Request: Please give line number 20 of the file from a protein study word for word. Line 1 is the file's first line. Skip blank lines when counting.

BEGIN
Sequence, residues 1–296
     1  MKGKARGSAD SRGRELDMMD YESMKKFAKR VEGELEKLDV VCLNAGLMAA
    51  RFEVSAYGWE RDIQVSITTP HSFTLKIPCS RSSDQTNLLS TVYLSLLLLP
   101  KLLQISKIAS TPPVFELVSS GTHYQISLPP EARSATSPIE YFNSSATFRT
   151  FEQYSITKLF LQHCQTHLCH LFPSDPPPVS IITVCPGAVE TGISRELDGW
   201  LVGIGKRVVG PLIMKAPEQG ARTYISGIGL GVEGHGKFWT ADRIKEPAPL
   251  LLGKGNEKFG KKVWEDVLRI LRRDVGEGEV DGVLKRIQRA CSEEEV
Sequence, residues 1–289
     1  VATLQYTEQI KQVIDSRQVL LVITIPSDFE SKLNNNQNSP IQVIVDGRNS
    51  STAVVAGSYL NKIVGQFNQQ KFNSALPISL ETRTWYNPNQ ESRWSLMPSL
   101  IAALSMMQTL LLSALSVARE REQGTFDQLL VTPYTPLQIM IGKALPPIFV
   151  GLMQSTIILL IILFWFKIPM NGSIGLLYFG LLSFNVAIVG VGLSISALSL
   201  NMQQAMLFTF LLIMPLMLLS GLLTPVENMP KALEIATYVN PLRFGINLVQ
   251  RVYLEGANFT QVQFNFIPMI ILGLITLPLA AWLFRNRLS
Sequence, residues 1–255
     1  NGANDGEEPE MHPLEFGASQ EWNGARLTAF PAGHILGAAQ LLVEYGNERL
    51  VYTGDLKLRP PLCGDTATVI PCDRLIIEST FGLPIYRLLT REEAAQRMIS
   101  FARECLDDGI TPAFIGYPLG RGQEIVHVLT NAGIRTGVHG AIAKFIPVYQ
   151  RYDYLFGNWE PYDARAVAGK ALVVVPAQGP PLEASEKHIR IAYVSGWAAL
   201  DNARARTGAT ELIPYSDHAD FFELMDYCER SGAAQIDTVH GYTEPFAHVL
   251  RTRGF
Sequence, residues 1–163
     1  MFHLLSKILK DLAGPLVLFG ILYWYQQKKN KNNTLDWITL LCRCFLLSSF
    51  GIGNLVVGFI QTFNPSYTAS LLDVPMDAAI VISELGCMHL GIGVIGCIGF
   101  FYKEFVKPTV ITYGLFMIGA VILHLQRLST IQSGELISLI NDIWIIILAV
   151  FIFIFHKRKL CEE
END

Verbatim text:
   201  DNARARTGAT ELIPYSDHAD FFELMDYCER SGAAQIDTVH GYTEPFAHVL